In 1984, the house was bought by Peter Lerwill in a dilapidated state. He undertook a three-year restoration programme, done as conservatively as possible to preserve the original joinery. Then he lived in it for seventeen years before bequeathing it to the Landmark Trust, so that others could enjoy it as he had done. Today, 13 Princelet St is booked throughout the year with a steady flow of guests who enjoy the place for a quiet holiday or to hold weddings, host parties, stage romantic Valentine dinners or celebrate birthdays. And Pat & Katherine are always there before and after, to clean up and put everything in order for the next arrival.
Most people who stay at 13 Princelet St never meet Pat & Kathy, they are the invisible fairies that prepare the house. But if any of the guests get the opportunity to strike up a conversation as I did, they will discover that their discreet hosts are real women with proud East End connections. Pat told me that when she was first married she lived in two rooms with one shared outside sink down by St Catherine’s Dock. Now she lives just down the road in an eighteenth century terrace in Folgate St next to Dennis Severs’ House. “He used to invite to me to his Christmas parties before he started making money out of it,” she recalled with delicate irony. Pat worked in the Spitalfields Fruit & Vegetable Market years ago, and was landlady of both the Poet in Folgate St and the Commercial Tavern before she took early retirement. All her husband’s family worked in the docks for the last six generations, she told me plainly.
Then Kathy chipped in to reveal her father worked in the docks too, as a lighter man, and described him as “a bit of a rogue.” In the age of post-war austerity, he purloined a roll of blanket fabric, wrapping it round his body to get it out of the docks and arriving home dripping with sweat. Her mother made it up into three dressing gowns for the children, but what Kathy remembers was that the coarse cloth was scratchy. Then changing tone, she added with a grin, “When the nuts arrived in port for the chocolate factory, they had to hire security to get them out of the docks!”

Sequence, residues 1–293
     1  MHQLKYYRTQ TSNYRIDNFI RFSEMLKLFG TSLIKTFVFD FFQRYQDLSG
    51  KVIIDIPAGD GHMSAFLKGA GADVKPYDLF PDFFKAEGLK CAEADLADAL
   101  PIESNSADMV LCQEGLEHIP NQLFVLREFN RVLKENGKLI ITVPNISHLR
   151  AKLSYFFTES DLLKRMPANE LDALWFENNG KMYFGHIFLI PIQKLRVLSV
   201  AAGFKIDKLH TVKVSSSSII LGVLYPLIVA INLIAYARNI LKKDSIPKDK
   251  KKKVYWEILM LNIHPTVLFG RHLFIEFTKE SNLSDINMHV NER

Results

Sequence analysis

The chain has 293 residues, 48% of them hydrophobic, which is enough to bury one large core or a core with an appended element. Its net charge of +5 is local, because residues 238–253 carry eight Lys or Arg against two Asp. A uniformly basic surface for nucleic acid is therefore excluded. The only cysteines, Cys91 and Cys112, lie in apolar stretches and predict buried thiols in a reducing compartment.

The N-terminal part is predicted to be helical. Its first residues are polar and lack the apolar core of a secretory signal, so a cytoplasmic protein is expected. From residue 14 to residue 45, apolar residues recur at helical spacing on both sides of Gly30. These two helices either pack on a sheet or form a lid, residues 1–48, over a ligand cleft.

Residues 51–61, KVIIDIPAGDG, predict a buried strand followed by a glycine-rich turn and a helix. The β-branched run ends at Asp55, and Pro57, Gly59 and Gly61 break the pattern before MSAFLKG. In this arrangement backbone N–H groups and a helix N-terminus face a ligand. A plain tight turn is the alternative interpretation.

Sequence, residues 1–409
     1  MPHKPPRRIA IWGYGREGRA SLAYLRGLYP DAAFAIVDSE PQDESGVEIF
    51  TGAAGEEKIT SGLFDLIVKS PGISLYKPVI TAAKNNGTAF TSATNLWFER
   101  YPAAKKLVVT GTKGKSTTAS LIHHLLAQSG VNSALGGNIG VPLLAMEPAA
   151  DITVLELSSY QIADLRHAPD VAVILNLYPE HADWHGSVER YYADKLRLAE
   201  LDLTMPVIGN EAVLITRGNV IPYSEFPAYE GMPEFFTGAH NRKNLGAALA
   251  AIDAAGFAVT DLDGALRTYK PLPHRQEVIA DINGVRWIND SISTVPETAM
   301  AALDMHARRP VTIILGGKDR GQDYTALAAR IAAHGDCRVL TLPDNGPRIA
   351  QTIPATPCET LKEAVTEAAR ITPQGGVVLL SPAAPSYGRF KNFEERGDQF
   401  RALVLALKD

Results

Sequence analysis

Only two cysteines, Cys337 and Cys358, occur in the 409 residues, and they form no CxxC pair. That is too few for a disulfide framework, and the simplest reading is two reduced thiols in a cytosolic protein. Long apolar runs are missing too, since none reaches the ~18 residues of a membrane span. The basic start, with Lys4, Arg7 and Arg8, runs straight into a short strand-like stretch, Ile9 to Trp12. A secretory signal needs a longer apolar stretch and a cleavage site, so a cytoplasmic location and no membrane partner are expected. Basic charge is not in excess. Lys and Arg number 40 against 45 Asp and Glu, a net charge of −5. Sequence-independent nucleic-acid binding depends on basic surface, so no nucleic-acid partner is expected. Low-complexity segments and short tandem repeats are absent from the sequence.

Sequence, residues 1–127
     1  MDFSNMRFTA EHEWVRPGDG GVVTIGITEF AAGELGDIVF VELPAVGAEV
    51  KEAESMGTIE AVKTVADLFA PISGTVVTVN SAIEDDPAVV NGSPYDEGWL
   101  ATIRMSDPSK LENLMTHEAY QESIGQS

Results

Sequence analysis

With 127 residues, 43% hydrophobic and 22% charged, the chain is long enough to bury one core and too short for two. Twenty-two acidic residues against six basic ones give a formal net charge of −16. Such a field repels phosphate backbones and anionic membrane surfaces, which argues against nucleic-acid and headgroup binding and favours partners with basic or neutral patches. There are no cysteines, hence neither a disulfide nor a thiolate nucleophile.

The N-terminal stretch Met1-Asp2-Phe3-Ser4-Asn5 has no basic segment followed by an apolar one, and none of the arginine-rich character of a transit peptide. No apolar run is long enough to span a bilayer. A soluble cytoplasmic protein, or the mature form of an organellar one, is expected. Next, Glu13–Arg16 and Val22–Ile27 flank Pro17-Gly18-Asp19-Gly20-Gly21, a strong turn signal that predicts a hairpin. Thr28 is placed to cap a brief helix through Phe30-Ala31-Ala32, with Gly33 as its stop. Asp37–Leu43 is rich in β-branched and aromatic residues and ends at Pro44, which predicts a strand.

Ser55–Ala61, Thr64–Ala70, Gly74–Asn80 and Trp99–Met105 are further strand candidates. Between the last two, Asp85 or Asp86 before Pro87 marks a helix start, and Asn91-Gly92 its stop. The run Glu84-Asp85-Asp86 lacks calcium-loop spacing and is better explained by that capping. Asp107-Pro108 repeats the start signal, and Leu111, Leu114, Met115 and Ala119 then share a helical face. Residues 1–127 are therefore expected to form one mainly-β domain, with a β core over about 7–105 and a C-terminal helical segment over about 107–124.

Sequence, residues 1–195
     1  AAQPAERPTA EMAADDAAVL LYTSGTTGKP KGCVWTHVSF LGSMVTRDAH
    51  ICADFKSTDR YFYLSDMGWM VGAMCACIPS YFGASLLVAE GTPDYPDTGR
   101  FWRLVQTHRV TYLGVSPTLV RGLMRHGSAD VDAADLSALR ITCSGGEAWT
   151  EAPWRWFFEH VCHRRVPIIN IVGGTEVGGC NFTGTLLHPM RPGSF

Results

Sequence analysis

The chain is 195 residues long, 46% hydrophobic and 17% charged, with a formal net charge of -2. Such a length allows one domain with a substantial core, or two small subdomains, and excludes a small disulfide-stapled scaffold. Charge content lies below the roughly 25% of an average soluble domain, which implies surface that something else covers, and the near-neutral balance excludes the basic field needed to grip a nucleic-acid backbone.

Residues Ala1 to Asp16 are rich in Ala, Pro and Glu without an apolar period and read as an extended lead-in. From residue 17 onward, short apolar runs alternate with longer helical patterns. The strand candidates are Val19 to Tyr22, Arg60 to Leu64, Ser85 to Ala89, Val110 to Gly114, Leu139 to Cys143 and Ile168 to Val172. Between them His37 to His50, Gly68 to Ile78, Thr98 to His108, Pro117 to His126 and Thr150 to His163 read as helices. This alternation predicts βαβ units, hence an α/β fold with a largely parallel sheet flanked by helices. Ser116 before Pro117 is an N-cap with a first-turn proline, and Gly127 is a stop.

Our conversation had acquired its own engaging momentum that led us away from the house and Pat & Kathy’s benign stewardship of it, which was the subject of the day, but our digressions simply confirmed how conducive the place is for contemplation of the multiple histories of the East End. I was charmed by the company of these generous-spirited women. By now the time was drawing on and the next guests were expected imminently, so like household spirits before dawn, it was time for us to make our departure. Kathy left first, then Pat made one last circuit of the house, pulled on her jacket in the hallway, and stood for a moment to absorb the quiet and breathe in the aroma of wax polish. Satisfied that her work was done, Pat turned and walked out the door. We said our goodbyes in the street as she locked up, and went our separate ways in opposite directions down Princelet St.